Anyhow, in the mean time, I thought I'd post some photos of the encampment I attended at the Halifax Citadel this weekend. We had lovely days for it. I'm so glad I made it to an encampment out here before heading back to Ontario. It was warm, everyone was friendly, the citadel itself was cool to spend a weekend at, and we didn't even freeze overnight.
The first day I wore my silk petticoat (borrowed from my robe a la francaise) because some reenacting friends were getting married at the citadel and we wanted to dress up for them. The second day I was sick of babying the silk around camp, so I borrowed Laura's linen under petticoat and just wore my smoke-purple wool under petticoat as a top petticoat. I also borrowed the silk bonnet from Joy, as I didn't have a chance to make one beforehand.
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This post has been a long time coming. I keep meaning to write it, and then not having the time to do it justice. This gown was a learning process for me, and I poured many, many hours of research into it (not to mention the hours and hours of completely hand-stitching and hand-embroidering it…), so I’d like to share as much of my making process as I can. As always, I’ll start with a few photos of the finished product, and then I’ll go into detail on the very belated dress diary. The diary for the undergarments (chemise, hoop, stays) made for this outfit can be found here.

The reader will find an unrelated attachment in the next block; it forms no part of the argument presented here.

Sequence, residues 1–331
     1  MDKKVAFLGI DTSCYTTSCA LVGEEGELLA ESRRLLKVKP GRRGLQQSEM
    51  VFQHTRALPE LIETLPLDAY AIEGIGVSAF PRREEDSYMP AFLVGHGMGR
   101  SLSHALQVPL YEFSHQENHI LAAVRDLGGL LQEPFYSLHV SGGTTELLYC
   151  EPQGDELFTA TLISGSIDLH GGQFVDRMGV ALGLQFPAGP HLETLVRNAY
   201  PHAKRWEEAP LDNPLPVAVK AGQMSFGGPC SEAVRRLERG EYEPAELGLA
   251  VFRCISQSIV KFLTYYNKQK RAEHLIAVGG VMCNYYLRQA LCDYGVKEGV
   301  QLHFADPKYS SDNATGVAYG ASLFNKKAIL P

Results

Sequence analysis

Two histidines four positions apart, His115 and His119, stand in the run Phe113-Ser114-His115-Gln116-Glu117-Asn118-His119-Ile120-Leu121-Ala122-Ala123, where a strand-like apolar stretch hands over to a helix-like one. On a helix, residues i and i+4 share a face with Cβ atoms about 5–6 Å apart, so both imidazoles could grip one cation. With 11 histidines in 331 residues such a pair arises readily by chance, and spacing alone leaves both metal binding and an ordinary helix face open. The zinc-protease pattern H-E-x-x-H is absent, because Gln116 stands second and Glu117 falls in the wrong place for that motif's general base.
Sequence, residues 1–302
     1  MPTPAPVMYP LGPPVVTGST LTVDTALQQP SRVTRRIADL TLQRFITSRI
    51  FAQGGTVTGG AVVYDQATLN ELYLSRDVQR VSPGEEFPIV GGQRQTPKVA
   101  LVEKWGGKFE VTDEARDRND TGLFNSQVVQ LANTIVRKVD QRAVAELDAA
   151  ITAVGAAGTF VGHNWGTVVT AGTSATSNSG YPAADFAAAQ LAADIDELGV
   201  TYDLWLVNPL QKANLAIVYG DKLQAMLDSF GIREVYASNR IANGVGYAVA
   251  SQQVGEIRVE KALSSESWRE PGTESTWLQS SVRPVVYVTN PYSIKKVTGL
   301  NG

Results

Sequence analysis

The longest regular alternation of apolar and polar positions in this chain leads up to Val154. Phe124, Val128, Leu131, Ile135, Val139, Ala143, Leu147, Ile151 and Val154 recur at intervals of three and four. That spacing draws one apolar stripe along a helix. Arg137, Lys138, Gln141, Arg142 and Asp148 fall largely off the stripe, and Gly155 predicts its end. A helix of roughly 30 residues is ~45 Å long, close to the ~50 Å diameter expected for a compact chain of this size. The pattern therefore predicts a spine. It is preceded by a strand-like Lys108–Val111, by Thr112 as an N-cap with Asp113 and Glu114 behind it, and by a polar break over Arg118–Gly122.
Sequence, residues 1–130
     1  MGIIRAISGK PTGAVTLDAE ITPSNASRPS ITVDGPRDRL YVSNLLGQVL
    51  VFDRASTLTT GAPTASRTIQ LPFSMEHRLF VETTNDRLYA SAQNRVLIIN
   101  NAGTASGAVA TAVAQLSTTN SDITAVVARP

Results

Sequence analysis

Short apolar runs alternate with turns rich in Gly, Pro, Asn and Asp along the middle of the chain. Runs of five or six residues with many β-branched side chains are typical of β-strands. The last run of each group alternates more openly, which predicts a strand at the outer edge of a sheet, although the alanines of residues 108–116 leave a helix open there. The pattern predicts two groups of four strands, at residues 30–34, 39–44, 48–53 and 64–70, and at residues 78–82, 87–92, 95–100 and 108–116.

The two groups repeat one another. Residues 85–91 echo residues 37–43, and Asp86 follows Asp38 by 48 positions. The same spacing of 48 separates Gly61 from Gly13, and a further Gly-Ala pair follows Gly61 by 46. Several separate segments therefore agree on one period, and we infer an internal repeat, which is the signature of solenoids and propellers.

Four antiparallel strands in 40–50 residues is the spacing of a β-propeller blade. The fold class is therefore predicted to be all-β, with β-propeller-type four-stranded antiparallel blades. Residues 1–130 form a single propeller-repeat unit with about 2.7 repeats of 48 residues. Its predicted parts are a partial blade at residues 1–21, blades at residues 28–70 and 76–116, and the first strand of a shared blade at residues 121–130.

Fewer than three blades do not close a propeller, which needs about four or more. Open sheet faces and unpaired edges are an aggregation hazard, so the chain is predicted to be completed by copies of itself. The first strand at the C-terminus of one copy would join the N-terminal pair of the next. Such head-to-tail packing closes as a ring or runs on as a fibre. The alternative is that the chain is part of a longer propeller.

This dress is a little different for me in that I was attempting to copy, as closely as possible, a real extant gown currently held in the collections of the L.A. County Museum of Art (LACMA), as well as the embroidered stomacher displayed with it. I had only the photos on the website, with no patterns or views of the gown innards, so I had to do some guesswork based on other extant pieces. To further supplement this, I referred to the books of research and patterns published by Janet Arnold, Norah Waugh, and the Williamsburg Association. I believe I came as close as I could, given my time and resources, to accurately replicating the gown.
Here is the LACMA’s page for this gown.
Here is my gown, compared with the original:
And here is the stomacher: